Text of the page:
“Time to mix drinks and change lives”
– Julianne Natalie “Jill” Stingray
Welcome or welcome back to VA-11 Hall-A, the 10th game developed by Sukeban Games and published by Ysbyrd Games, a booze ’em up set in a small bar in the fictional city aptly named “Glitch City”. Rather than just playing a nameless, silent protagonist, you play Jill Stingray, a bartender with an indifferent demeanor who has many problems of her own, finding her place in the post-dystopian city and facing the realities of her past that slowly unravel throughout the game.
Va-11 Hall-A offers a narrative that intricately weaves together the threads of Jill’s past and the lives of the bar’s diverse clientele. Among them are notable characters such as the CEO of a news company, a seemingly young Lilim [Robot] Girl in an unconventional profession, and a mysterious femme hacker with a close connection to Jill herself. The recurring customers I’ve already mentioned contribute to the unfolding story. But there are also one-off customers, each with their own encapsulated stories – from a brain in a tube, to a delivery man with a tough exterior, to a cosplay group that serves as an Easter egg for the RPG game YIIK: A Postmodern RPG, also published by Ysbyrd Games.
Navigating this narrative proves challenging, as the player may not encounter every character in a single playthrough. Some customers only appear under certain conditions, such as serving a secret drink called “Flaming Moai” on certain days or avoiding mistakes in previous orders. The interconnectedness of the stories is a notable aspect, revealing hidden connections between characters. For example, a seemingly ill-tempered guy who is seldom seen is revealed to be a regular customer of your other regular, with Dorothy the Lilim playing the role of his daughter. As the game progresses, his tragic past unfolds, revealing the loss of his daughter to the authoritarian White Knights group and painting a more poignant picture of his character.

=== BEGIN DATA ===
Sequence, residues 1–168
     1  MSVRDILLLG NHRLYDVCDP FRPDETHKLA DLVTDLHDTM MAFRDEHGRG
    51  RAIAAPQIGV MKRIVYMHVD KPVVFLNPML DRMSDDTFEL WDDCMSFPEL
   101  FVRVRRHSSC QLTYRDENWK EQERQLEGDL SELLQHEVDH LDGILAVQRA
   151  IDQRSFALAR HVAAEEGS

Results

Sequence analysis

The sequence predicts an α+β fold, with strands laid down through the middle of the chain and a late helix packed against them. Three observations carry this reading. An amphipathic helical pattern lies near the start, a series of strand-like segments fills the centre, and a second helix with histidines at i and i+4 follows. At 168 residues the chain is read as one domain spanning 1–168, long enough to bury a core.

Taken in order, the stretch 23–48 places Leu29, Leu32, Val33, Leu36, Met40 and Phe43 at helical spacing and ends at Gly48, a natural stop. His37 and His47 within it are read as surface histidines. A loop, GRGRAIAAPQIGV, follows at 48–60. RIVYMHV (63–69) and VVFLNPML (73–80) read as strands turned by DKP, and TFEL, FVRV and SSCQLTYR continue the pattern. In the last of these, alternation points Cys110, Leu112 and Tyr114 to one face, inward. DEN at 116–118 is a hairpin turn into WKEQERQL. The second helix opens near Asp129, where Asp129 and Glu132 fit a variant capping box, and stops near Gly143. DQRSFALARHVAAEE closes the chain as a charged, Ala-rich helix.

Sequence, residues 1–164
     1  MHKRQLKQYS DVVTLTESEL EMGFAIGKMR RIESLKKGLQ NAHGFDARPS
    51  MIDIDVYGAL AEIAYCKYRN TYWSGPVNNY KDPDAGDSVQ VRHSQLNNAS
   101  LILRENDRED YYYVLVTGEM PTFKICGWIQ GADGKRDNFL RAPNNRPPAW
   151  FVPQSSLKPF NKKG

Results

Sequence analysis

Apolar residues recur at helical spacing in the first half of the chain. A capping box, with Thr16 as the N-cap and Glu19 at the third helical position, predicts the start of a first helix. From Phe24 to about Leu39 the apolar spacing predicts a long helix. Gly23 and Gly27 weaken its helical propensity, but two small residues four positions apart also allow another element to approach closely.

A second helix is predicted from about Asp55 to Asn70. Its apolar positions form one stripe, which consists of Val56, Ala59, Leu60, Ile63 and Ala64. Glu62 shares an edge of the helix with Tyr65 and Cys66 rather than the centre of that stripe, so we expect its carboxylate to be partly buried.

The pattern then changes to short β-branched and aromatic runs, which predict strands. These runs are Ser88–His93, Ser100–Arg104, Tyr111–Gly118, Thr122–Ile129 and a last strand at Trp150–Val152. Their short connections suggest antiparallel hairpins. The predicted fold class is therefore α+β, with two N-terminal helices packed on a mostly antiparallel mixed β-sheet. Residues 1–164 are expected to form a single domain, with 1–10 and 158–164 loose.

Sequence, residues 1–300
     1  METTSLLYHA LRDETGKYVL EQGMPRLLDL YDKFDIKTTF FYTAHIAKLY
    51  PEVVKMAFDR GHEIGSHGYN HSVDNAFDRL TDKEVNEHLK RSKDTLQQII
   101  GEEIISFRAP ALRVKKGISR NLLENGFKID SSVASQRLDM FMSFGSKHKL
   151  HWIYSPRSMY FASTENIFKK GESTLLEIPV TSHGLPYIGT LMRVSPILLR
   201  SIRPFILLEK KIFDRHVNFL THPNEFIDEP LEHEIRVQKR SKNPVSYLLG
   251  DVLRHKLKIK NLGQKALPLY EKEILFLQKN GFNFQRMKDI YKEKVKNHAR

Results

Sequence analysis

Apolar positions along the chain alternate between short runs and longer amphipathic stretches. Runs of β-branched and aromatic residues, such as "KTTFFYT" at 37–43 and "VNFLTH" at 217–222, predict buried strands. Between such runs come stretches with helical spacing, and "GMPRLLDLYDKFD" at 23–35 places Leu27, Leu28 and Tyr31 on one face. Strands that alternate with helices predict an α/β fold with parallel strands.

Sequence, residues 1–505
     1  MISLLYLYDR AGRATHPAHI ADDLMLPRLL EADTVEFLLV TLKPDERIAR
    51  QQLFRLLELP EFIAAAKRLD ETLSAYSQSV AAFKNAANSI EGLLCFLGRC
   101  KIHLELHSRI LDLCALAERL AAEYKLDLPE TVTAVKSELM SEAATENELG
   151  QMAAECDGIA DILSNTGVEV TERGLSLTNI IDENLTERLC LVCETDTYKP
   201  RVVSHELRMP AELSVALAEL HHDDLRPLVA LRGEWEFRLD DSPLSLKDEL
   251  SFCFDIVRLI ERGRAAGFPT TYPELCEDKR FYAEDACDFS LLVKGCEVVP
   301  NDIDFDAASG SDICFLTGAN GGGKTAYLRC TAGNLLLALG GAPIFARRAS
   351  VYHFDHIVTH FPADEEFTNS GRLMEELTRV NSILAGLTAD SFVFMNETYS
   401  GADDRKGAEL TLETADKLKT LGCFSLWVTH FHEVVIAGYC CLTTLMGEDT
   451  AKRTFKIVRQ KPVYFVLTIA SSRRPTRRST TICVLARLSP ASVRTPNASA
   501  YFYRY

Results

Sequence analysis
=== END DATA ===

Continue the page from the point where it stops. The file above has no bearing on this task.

When you think of a character, what comes to mind? Their appearance, their personality, and their speech are the top 3 things that come to mind, right? While that might be true for the characters you and Jill have met before, it’s a lot trickier with the new clientele, as you have to do a bit of a song and dance to know what kind of speech won’t weird them out or rub them the wrong way, fortunately, and cleverly, you can skip all that and learn about them easier by serving them, as the drinks you serve them have tags and little flavor texts that not only help with bartending but also allow the player to guess or predict how this new clientele might behave when they inevitably get buzzed. Not to take any points away from the game, but the characters can be predictable at times. but even if you know how they behave, their stories are always the biggest hook to get you to bond with the customers and learn how their personalities have evolved from who they were before to who they are now.
The game offers a unique experience by immersing the player in a world full of eccentricities. The narrative unfolds not through the conventional adventure or physical exploration that one expects in a more open-world game, but through the rich interactions with your clientele. It’s like being on a small but active group chat, except that you’re behind the bar. Despite the predictability of some of the characters, the maturity and quality of the writing shine through. Even if you anticipate the ending, the journey remains rewarding, making it an outstanding experience. One of my personal favorites would be how the character, Sei Asagiri, develops over the following days. Starting as a cheery and optimistic White Knight who only wishes to save those whom she can be on the receiving end of being saved. During the events of the game, Sei was trapped for 3 days in the Apollo Bank without food or water. Even just escaping had caused her severe injuries since she had learned that it wasn’t just people with bad intentions who did bad things but also those who were desperate.